It's one of the oldest forms of Christianity, whose followers can trace their routes back to the pharaohs - and now the Coptic faith is set to find a home in the tiny Yorkshire village of Arthington.

It's a long way from the Egyptian desert or the banks of the Nile, but Arthington is set to play its own part in the Coptic faith and the new congregation is being welcomed to the village as they prepare to take over the historic and formerly Anglican St Peter's.

St Peter's, a grade 2 listed building, had been at the heart of the traditional rural community since it was built in 1864.

But with falling numbers and increasing maintenance costs the building had become an expensive burden, and it has been made redundant by the Church of England.

And for Yorkshire's Coptics it could almost be the answer to their prayers.

The small group of worshippers, from the Leeds, Harrogate and York areas have been looking for a church of their own for some time And they have been in the entirely unsatisfactory situation of having to change their day of worship from the usual Sunday to a Saturday in order to borrow' other churches.

A representative of the Coptic church, Magdy Attia, who has met with villagers to answer their questions explained that because they had no church of their own they had been meeting to pray on Saturdays rather than on Sunday, alternating between St James Chapel and a church in York.

They are now in the process of acquiring St Peter's and have submitted a planned package of improvements for approval.

And the prospective Arthington congregation have been keen to allay any potential concerns about their intentions for the building.

In a country where it is probably fair to say the Coptic faith is not too well known, it would probably be easy for misunderstandings to occur.

Mention religions of Egypt and images of Islam and the pagan gods of the pharaohs spring to mind.

But although the Coptics are descended from the ancient Egyptians - the word Copt is derived from gypt' which stems from the Greek word Aigyptos meaning Egyptian' - they have had a long tradition of Christianity stretching back almost 2,000 years.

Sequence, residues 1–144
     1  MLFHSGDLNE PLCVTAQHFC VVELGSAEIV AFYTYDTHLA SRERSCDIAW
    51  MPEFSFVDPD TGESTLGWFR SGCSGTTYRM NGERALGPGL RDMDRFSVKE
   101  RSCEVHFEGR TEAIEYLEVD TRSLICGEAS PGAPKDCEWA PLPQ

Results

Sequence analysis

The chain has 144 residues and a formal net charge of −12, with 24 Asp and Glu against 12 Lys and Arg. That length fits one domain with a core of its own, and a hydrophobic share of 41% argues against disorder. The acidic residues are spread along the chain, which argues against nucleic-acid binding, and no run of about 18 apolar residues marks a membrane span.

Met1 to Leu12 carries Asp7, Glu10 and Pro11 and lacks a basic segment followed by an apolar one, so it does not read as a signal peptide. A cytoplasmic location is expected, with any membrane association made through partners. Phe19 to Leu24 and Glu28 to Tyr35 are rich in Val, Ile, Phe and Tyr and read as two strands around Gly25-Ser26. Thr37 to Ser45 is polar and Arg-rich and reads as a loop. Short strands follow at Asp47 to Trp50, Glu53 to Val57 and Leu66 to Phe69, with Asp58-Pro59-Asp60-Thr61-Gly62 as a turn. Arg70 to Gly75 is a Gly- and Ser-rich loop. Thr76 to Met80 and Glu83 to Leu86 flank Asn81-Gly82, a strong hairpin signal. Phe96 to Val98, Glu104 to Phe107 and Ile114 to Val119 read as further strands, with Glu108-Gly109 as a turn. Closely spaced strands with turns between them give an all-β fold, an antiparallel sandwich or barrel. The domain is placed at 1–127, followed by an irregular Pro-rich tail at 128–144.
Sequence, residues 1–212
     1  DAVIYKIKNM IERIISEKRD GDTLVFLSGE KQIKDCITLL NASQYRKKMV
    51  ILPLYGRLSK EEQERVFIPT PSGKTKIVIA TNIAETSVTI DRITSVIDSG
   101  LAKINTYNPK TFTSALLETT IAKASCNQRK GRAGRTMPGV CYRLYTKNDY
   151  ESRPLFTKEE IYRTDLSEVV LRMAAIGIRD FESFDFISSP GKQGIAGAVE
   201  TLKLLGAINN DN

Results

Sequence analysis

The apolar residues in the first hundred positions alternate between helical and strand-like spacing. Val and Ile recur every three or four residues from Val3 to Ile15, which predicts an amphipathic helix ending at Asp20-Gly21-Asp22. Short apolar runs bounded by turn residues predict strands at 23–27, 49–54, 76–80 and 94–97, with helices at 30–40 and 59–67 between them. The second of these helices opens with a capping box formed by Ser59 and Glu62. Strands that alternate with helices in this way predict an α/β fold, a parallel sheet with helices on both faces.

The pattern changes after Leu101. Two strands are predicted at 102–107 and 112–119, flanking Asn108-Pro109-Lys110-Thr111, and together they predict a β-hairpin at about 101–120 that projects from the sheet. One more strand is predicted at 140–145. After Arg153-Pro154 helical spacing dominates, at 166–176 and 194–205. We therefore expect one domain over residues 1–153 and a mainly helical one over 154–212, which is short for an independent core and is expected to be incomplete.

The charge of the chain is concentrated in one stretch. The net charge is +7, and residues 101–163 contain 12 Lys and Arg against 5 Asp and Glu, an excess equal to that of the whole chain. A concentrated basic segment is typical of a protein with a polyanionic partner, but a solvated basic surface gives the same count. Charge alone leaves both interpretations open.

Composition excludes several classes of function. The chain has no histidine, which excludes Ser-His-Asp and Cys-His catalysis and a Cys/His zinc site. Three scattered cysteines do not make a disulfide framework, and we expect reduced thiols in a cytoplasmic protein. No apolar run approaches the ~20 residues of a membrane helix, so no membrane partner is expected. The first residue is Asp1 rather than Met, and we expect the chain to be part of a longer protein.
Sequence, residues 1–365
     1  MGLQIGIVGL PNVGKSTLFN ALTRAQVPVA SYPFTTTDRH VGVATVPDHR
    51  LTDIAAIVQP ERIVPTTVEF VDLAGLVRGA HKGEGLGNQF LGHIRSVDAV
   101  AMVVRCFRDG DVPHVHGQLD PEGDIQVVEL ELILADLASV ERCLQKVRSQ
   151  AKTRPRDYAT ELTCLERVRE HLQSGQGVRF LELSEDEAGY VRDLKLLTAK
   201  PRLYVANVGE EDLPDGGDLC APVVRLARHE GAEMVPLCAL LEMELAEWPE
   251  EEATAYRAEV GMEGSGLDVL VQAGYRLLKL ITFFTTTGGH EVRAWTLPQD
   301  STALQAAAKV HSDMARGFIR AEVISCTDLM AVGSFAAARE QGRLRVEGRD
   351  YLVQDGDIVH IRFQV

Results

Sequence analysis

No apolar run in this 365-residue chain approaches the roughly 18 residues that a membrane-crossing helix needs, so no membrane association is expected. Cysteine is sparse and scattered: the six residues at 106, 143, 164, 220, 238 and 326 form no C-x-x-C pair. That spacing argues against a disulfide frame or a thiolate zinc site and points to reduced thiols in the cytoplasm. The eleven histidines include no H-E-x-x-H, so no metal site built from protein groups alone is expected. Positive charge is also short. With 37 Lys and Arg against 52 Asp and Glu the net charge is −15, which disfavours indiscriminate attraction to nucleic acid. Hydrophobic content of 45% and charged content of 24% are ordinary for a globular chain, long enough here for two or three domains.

Egypt has strong biblical ties - the Holy Family found sanctuary there when they fled from danger.

And the biblical references to Egypt stretched back much further than that. Abraham and Jeremiah both visited Egypt, Jospeh became Pharaoh's right hand man. According to the bible Jacob and his 12 sons dwelt in Egypt where they became a nation.

The book of Isaiah predicted that there would be an altar to the Lord in the midst of the land.

And the Coptic church believes that prophecy was fulfilled when St Mark, who wrote one of the four gospels, established the orthodox church in Egypt in the first century AD.

His preaching against the local pagan gods led to his martyrdom but Christianity thrived in Egypt and by the end of the second century it was well established.

But life for the Christians could be hazardous, and the church suffered waves of persecution from the Romans, which were said to have led to the martyrdom of around 800,000 men, women and children.

The Coptic church is known by some historians as the Church of the Martyrs. And the Coptic calendar starts from the year of the martyrs' - 248AD when the ruthlessly oppressive Emperor Diocletian ascended to the throne.

The Coptic church, which is said to be similar to Greek Orthodox, describes itself as one of the most ancient churches of the world which had carefully preserved the orthodox Christian faith in its earliest and purest form.

Complicated theological arguments in the fifth century led to a schism leaving the Coptic church isolated from the rest of the Christian world until the 20th century.

Now the arguments which led to the split are generally seen as a misunderstanding caused by Semantics, and the Coptic church is working towards unity.

Today, the Coptic Orthodox Church is the largest in the Middle East, according to its official website - with about ten million faithful in Egypt.

The church, which is headed by Pope Shenouda 3, was the founder of the Middle East Council of Churches, and is an active member of the World Council of Churches and the All Africa Conference of Churches.

There are now many Coptic churches in Africa, the United States, Canada and Europe and a theological college has recently opened in Stevenage.

But they are not out to convert anyone in Arthington, or to disturb their new neighbours, according to Mr Attia, who stressed that although St Peter's was built for 500 people they were expecting only ten to 12 families to use it each week.

He said there were around 18 to 20 churches across the whole of the UK.

"Most of the Coptics around are descended from immigrants or from people who came a long time ago," he said.

He said while other members of the congregations may have come to England recently or were visiting the country, most of the families were permanent UK residents.

And although Arthington people are objecting to plans to build a priest's house next to the church they are generally more than happy to welcome their new neighbours.

Mr Attia said: "We had very supportive comments from people who attended the meeting. They were very, very keen for us take over the church and for it to be used as a place of worship."